Why I Hate the Climate Change Debate

If the climate is really getting warmer, why was it cold last week? Checkmate libtards!

No, that is not actually an intelligent position on climate change. But there’s plenty of bad takes to go around. Here’s one from the Guardian, suggesting the way to fight climate change is by having fewer children. Here’s another one, asking if the solution to climate change is veganism. Or this one from the New York Times, which asks if human extinction would be a tragedy because our negative impact on the environment.

In fact, I find the entire debate unproductive. I am not claiming that climate change doesn’t exist, it doesn’t pose a threat to our future, or that we can’t or shouldn’t do anything about it. But many of the arguments in favor of drastic action to curb climate change can be boiled down to “if we don’t take action on climate change the world WILL end, and to fight this menace we must dramatically restructure the economy, shift vast amounts of power to government, and implement policies those on the far left would support regardless to the climate.”

Don’t believe me? Then why does the touted Green New Deal include proposals about universal healthcare and a federal jobs guarantee, neither of which seem to have much to do with climate change? Why is Bernie Sanders saying we need to fight climate change “like we fought the Nazis?” What about Alexandria Ocasio-Cortez, who said the world will end in 12 years without action on climate change?

Now moderate liberals might reply that using Bernie Sanders, AOC, and the Green New Deal to discredit everyone concerned about climate change is unfair. I agree, and that is not my intention. But my problem is not with the moderates suggesting we tax carbon or use more alternative energy. In fact, I support both positions. But the environmentalists shouting the loudest about climate change are disproportionately on the far left, and they support positions I find both productive and untenable, and their effect on the larger debate can only be described as toxic.

Now, I’m going to save a discussion about these policies for another time. My complaint here is more my frustrations with the environmentalist left, and the climate debate as a whole.

My first problem is a constant conflation of the facts of climate change and the policies you build from those facts. This fact-policy distinction is critical with any issue, but I find it’s ignored more in the climate debate than anywhere else. For example, I don’t believe solar and wind are the energy of America’s future. I don’t think renovating every building in the country for “state of the art” energy efficiency is a worthwhile policy. I also think fossil fuels still have an important role in the production of energy, especially in the developing world.

Nowhere in those statements did I doubt the reality of climate change, my understanding of those facts has just lead me to different conclusions than the environmentalists on the far left. But apparently that makes me a science denier!

I’m also skeptical about climate modeling. The climate is an incredibly complex system. Whenever anyone says if we reduce carbon emissions to a certain level by 2030 and become carbon neutral by 2050, we can halt the increase in global temperature at 1.5 degrees Celsius, which will be better than an increase of 2 degrees in certain ways (which is what the recent IPCC report said), the skeptic in me naturally has a hard time buying it. Even without taking into account the questionable record of past climate predictions, there are just limits to our ability to predict the future.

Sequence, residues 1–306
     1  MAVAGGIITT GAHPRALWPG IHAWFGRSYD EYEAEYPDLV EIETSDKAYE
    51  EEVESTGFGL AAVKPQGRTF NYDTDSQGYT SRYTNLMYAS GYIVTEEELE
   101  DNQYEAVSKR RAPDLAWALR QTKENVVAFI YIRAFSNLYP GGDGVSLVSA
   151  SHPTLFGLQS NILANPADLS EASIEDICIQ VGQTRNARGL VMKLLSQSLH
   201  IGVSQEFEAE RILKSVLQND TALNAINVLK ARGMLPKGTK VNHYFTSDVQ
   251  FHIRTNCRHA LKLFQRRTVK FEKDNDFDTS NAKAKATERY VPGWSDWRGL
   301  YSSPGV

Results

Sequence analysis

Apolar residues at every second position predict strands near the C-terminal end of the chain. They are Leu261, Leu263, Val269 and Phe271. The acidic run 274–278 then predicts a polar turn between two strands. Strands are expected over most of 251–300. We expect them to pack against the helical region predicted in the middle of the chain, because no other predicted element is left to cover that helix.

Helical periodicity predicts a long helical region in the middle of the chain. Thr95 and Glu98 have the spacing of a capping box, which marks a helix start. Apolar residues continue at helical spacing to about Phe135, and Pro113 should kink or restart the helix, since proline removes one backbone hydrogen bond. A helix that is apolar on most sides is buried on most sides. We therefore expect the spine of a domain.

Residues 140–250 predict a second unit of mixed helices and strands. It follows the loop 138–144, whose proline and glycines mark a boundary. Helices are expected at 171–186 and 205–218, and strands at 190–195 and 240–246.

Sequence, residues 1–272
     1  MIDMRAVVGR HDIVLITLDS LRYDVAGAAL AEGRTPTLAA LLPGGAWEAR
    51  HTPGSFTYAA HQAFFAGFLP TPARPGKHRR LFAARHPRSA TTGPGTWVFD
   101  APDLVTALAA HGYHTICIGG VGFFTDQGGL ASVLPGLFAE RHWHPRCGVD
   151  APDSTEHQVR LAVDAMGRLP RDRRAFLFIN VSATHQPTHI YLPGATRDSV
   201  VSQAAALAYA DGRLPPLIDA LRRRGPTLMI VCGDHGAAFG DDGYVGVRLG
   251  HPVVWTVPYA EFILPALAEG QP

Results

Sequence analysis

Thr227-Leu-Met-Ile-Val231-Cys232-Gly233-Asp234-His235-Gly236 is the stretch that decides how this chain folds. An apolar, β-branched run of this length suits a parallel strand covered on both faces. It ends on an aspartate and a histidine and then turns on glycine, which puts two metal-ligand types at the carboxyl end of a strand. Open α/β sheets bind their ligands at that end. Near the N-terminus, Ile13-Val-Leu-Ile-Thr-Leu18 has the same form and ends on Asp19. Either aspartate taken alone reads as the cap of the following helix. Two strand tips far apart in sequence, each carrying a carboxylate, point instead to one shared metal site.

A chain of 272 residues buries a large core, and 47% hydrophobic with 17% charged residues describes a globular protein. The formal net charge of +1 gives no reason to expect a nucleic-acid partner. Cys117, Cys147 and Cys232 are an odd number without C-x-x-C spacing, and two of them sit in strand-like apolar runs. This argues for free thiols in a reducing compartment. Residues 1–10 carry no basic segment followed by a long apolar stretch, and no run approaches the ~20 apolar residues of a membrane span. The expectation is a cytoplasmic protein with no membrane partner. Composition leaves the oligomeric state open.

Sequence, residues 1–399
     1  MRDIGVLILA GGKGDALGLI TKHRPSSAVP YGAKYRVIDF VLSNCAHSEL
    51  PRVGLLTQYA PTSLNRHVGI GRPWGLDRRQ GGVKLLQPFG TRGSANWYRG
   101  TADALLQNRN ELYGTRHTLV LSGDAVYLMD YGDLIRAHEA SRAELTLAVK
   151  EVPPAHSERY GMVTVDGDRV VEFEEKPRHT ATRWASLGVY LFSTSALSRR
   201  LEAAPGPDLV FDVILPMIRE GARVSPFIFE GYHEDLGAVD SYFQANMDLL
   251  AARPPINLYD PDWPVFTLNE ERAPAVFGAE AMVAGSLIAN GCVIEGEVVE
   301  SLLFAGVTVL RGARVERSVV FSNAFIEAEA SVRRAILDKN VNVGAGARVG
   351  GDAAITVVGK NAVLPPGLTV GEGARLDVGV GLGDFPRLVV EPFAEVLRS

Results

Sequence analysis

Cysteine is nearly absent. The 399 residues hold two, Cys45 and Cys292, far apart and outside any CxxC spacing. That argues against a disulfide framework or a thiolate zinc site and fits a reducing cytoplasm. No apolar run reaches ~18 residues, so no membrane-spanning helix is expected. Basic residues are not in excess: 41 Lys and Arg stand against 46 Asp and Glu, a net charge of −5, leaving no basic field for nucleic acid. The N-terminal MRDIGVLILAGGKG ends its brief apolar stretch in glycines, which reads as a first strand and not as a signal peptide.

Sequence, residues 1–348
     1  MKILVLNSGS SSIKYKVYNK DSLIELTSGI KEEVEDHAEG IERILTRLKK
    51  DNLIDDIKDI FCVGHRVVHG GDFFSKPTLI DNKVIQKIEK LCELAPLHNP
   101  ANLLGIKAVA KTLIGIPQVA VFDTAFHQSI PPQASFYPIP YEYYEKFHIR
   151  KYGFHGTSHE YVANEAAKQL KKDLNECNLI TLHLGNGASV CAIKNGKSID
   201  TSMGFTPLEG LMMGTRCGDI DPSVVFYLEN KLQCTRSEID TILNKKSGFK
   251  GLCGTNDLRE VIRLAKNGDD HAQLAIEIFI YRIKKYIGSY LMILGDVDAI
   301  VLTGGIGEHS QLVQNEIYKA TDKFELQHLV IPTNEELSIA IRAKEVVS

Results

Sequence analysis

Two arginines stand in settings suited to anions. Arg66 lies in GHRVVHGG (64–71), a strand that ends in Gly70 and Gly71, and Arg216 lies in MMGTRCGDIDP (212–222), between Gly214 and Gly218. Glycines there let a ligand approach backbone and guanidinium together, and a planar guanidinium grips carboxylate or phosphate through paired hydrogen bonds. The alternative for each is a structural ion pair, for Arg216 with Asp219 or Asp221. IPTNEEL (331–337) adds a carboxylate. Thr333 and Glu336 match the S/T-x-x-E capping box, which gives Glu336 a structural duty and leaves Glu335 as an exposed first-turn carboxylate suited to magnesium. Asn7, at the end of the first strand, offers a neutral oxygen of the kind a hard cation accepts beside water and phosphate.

Again, I’m not doubting the trend of global warming or the need for action to reduce carbon emissions. I am just wary of alarmism, especially when it arises from data that ought to be met with skepticism.

Which leads to the sin of the environmentalist left that most frustrates me – their narrow-mindedness. Their only answer to the problem of climate change is government, and their insistence this is the only answer can only be described as dogmatic.

I do not really blame the left for having a monopoly on the issue of climate change. Conservatives have admittedly done a horrible job on this issue. But there are conservatives, especially younger ones, who see the need to be good stewards of the environment and want to balance that obligation with the principles of small government. This article should be an example of that. But if the future of environmentalism is the Green New Deal, there’s no place for us there.

When you are operating from the premise that inaction means the end of the world, this dogmatism might be understandable. Only climate change will not result in the end of the world. The seas will rise, the earth will get warmer, but mankind will adapt, and we will overcome, the way we have done for thousands of years. That doesn’t mean a warming planet will not impose difficulties we should seek to avoid. But the power of human innovation to solve problems can never be discarded. Life finds a way.

All climate proposals seek to balance two things – protecting the environment with as little impediment to individual liberty and economic prosperity as possible. We don’t want the seas to boil, but I’d endure a hotter summer in order to keep driving my car. Maybe it’s wouldn’t be a catastrophe if temperatures rose by 1.8 degrees instead of 1.5, if the economic cost of lowering emissions is greater than the cost of the actual global warming. Only for the hardcore environmentalist left, there can be no trade-off. We either take dramatic action now or the world ends.

And when you make that claim, I’m not the one who’s refusing to acknowledge reality.

 

BLOG NOTE: Right now, I’m planning to see the LEGO movie 2 on Friday night, and I will post my review on it on Saturday. No post on Friday, review of the LEGO movie 2 on Saturday.

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